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How to Have Difficult Conversations at Work: Strategies for Success

Feb 10, 2023
Two women having a conversation, surrounded by two podiums.


One of the modules inside my DEI Leadership Academy was designed to give individuals the skills to respond appropriately when they are called a racist, a sexist, or any other name they find offensive.

Invariably, whenever this happens, our first instinct is to defend ourselves, especially if the accusation is not true. This inevitably puts us in debate mode, and, with that, our goal immediately switches to proving the accuser wrong.

In the seven-step framework I teach, though, I encourage my clients to react in a way that starts a productive dialogue. That is because the primary purpose of a dialogue is to help us work together to find a mutual understanding.

Because the reality is, we don’t know the accuser’s history, pain, and the circumstances that led to that moment. We only know our own perspective and the parable below will illustrate my point.


The Elephant and the Blind Men Parable

This parable originated in the Indian subcontinent, and it has been widely circulated.

It is centered around a group of blind men who had never come in contact with an elephant but ended up learning what an elephant was by touching various parts of the elephant such as the side, the tusk, the tail, etc.

They then proceeded to describe the elephant, albeit from their limited experience. Needless to say, there was no agreement on what the elephant actually looked like.

The first person, whose hand landed on the trunk, said, "It’s a snake.”

The one whose hand touched the elephant’s ear, said, “It’s a fan.”

The individual whose hand was upon the elephant’s leg, said, “This is a tree trunk,” while the one who placed his hand on the side of the elephant concluded that “it was a wall.”

Finally, the one who felt the elephant’s tail was certain he was dealing with a rope.

Each blind man was touching a different part of the elephant's body--but only one part.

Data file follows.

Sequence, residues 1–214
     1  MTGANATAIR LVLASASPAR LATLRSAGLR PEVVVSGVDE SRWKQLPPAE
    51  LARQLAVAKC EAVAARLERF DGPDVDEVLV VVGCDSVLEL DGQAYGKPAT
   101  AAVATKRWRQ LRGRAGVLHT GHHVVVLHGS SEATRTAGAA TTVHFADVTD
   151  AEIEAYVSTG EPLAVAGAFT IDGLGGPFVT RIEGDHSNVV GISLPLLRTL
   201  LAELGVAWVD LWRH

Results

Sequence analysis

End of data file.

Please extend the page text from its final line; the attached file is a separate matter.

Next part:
They then proceeded to describe the elephant from their limited perspective, which ended up being very different from each other.

The moral of this parable is that different people can have distinctly different perceptions of the same thing. We know our own truth, but we often forget our truth is limited and based on our own unique experiences.

It is important to recognize somebody else’s perspective and that each of us has a unique worldview based on our personal experiences, language, and culture.


Developing the Ability to Have Uncomfortable Conversations

We need to find some compassion within ourselves and try to understand somebody else’s perspective—even when we feel hurt and offended.

In situations like this, it is not about proving who is right or who is wrong. It is about having the courage, despite our fear and discomfort, to listen and learn about someone else’s perspective.

And the only mode of conversation that allows for this to happen is dialogue.

Dialogue is a vastly different form of conversation than most of us are used to.

In this culture, it seems like debate is the most common form of communication between people who disagree. In fact, students learn to debate while in school.

Debate is about recognizing fallacies and responding to them appropriately. Debate is about winning the argument by proving the other person wrong.


Embracing the Nature of Dialogue

Dialogue, on the other hand, is not about winning. Instead, the goal of dialogue is to add to a common pool of knowledge.

It allows us to achieve a deeper understanding of our differences and creates an opportunity for learning and growth.

In the parable described above, each person thought they knew the whole story about the elephant by experiencing only their part of the elephant. It was only after they shared their part of the picture that they could understand reality more completely.

A dialogue space is about creating opportunities for different perspectives to be shared. It is about listening to different perspectives and lived experiences so we can expand our understanding of the other.

It is an opportunity to add to the common pool of knowledge and to discover that there are other truths. It assumes that many people have the answer and that only together we can find the solution.

Lastly, dialogue is also about collaboration and working together to achieve a collective understanding. It is not about proving the other person is wrong or that you have the right answer. It is about listening deeply so both parties can discover new truths.



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